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Member Of Staff With Severe Nut Allergy


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Hey everybody,


I would just like to put the feelers out there to all you experts for your thoughts and feelings on this subject...


My setting has a member of staff who has a severe reaction to nuts.


Parents have been alerted to this, and we have asked them to work with us in ensuring that any risk to our member of staff is minimised. Recently a particular child has attended a session, with peanut butter on his face and hands. This resulted in our staff member reacting with hives requiring medication. In very severe reactions, the staff member may suffer anaphylaxic shock requiring epi-pen and emergency treatment. The parent of the child was reminded of our situation with the member of staff, and we asked if the child could perhaps avoid peanut butter on days when he attends a session immediately after lunch?


The parent explained that the child will only eat peanut butter in a sandwich and is refusing to work with us in this situation. Surely the child does not have a peanut butter sandwich for breakfast lunch and tea!!


Clearly we can not exclude the child for these reasons, but at the same time, have a duty of care to our member of staff to keep her safe.


Anybody been under similar circumstances? I would be very interested to hear yours views and how you have handled similar situations?




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I sympathise with you here. I have an allergy to kiwi fruit and contact with the skin or being close to them can set off an asthma attack. We have asked parents to avoid putting them in lunch boxes and explained why - I even named myself cos I don't really mind who knows! But the odd one comes in every now and then. Fortunately a colleague has always spotted it and double wrapped it and put it away quickly. Our parents have been very good and apologised for forgetting. I think one way of making progress here might be to ask the parent what they would want to happen if the roles were reversed or their child was affected by the actions of another child.

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I recall a thread about this very thing not too long ago but blowed if I can find it. The staff member had to have some off sick because of her reaction. The parent was horrified as he had been when it was first pointed out to him, so a bit different there.

You do have a duty to your staff though, over and above a parent who doesnt give a jot about other people.

If the staff member was taken ill and had to have time off work she could even claim under H&S law, it probably goes against your risk assessment too.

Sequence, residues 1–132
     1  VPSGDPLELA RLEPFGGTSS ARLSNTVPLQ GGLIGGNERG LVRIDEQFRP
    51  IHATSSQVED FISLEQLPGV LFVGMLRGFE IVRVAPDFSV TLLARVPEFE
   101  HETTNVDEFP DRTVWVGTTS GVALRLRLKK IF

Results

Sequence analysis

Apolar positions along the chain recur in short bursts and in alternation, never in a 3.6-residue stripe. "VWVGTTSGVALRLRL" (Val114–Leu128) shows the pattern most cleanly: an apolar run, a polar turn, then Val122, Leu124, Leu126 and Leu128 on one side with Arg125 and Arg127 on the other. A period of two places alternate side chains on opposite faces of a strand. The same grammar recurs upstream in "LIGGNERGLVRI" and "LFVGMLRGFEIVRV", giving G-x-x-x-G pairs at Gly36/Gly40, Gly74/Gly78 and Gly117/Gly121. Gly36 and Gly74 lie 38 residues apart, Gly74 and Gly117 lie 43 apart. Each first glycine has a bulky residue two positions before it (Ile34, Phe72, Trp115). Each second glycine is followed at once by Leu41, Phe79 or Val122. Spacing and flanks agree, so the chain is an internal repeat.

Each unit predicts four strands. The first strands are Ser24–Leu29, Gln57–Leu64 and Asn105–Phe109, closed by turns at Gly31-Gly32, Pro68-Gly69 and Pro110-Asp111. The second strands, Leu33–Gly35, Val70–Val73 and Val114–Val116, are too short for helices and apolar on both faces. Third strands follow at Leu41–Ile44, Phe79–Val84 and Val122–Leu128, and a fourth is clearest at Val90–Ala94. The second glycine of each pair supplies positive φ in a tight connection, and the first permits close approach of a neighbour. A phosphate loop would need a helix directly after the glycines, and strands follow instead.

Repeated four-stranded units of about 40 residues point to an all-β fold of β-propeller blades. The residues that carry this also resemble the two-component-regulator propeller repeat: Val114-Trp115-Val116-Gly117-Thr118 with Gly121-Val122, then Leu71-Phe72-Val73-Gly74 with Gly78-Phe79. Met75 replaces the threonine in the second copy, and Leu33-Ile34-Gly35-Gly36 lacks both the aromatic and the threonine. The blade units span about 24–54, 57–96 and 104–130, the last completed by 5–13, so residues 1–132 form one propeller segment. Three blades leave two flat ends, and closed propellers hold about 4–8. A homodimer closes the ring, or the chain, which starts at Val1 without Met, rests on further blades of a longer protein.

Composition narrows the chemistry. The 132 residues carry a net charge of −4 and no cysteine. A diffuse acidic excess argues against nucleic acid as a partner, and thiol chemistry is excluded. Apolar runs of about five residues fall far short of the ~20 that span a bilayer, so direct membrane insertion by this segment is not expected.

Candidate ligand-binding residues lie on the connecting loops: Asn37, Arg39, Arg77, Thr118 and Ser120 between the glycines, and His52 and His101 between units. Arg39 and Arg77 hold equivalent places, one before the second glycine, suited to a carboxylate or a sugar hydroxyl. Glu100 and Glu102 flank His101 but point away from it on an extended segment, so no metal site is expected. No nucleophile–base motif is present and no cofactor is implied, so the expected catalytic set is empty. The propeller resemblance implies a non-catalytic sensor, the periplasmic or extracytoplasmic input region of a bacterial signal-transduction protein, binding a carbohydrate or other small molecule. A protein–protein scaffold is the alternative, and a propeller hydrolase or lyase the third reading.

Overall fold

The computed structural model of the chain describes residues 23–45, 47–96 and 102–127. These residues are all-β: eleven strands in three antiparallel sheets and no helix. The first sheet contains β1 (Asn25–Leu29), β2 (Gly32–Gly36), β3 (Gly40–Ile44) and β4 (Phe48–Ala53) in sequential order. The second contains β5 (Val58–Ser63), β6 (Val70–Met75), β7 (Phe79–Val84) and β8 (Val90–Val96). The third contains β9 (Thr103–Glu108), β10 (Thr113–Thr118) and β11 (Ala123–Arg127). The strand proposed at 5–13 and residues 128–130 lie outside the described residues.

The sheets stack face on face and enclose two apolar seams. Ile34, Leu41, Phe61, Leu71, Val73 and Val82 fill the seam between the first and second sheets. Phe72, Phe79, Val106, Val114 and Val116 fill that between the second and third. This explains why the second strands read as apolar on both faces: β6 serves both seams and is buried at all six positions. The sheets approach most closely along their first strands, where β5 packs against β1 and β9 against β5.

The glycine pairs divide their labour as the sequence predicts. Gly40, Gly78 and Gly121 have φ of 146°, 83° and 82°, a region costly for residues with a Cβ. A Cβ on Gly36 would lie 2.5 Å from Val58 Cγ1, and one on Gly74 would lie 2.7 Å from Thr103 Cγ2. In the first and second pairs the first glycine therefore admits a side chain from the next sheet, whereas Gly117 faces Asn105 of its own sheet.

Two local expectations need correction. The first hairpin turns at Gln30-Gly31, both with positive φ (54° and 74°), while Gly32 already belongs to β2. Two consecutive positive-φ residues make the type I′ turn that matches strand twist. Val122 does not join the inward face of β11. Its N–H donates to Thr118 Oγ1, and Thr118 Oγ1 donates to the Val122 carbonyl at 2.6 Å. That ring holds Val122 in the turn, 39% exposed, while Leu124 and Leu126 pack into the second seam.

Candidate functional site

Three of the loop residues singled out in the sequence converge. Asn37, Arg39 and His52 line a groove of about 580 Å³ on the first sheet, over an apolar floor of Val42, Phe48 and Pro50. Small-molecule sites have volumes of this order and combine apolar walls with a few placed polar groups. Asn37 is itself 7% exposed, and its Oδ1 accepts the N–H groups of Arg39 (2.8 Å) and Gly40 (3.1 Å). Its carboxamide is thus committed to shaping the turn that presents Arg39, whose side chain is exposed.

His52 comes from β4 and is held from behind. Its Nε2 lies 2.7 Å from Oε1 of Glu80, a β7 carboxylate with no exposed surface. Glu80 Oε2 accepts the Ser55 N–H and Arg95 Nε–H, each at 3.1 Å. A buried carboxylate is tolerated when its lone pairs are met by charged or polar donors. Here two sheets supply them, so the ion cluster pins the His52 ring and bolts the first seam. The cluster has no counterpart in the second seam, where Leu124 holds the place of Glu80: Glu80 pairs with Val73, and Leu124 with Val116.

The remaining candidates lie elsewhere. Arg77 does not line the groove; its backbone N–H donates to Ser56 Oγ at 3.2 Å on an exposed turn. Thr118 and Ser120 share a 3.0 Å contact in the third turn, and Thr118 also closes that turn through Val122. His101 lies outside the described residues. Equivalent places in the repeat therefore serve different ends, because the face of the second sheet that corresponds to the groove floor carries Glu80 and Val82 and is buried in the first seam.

I suppose you could be on hand at the start of the session to wash the childs hands and face, but it could be on his clothes, would that cause a reaction?

I think you have to be very firm with the parent, its not right that your staff can be put at risk.

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we have a total nut allergy and a child with severe allergey to raw potatoe, kiwi, nuts, seeds, banana, not forgeting dairy!!!


so......... as he is so severe we have banned all of this as it gives his parent peace of mind, we do have to police lunch boxes a bit


all parents are aware


it is a bit different though coming in with it, more of a cleaning issue! mayeb for a while check all children as someing in and hand out wipes for dirty faces? really hard if they are non coperative.if i get one like that i ask if i should call them at th same time as the ambulance so theycan see the reaction! had one constantly eating a banana on coming in and said they had to finish it and have a wash in the car due to majour health risk, soon stoppped them



dont feel i have been very helpful, sorry.

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Hi As Rea so rightly remembers there was a thread not so long ago; It was about a member of my staff who has a very severe nut allergy. Despite us having notices up (more than1) a child came in eating a peanut butter sandwich, when we told dad he couldn't do that and reminded him why he was horrified that he'd done it, for some reason he hadn't put peanut butter sandwich in the same category as peanut butter (goodness only knows why)! Staff member received a huge bouquet of flowers when she was next it; I say when she was next in as she suffered anyphalactic shock, had to administer her epi-pen and we took her to hospital.


You are right we do have a duty of care to our staff; maybe, as someone suggested, yu ask mum how she would feel if the situation was reversed and you allowed children into the setting who had been eating peanut butter; or perhaps suggest that if your colleague was so inclined that if she suffered a shock then she may want to sue the parent for bringing the allergic food/smell whatever into the setting despite there being warning notices around (maybe a bit of a long shot but if all else fails!)


Good luck and I hope your colleague remains well!

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Hi Melanie.

It is a tricky one!

We have several children with severe nut allergies in our setting so ask that parents ensure no nuts come into the setting.

On the odd occasion something has appeared in a childs lunch box( we do a visual check whilst helping children unpack their lunch!)when we have reminded the parent concerned they have co operated with us!

If it was a child how would you deal with the situation?I think your staff member is entitled to have his/her safety considered in the same way!I think it would be worth reminding the parent how careful you would be if their child was allergic !


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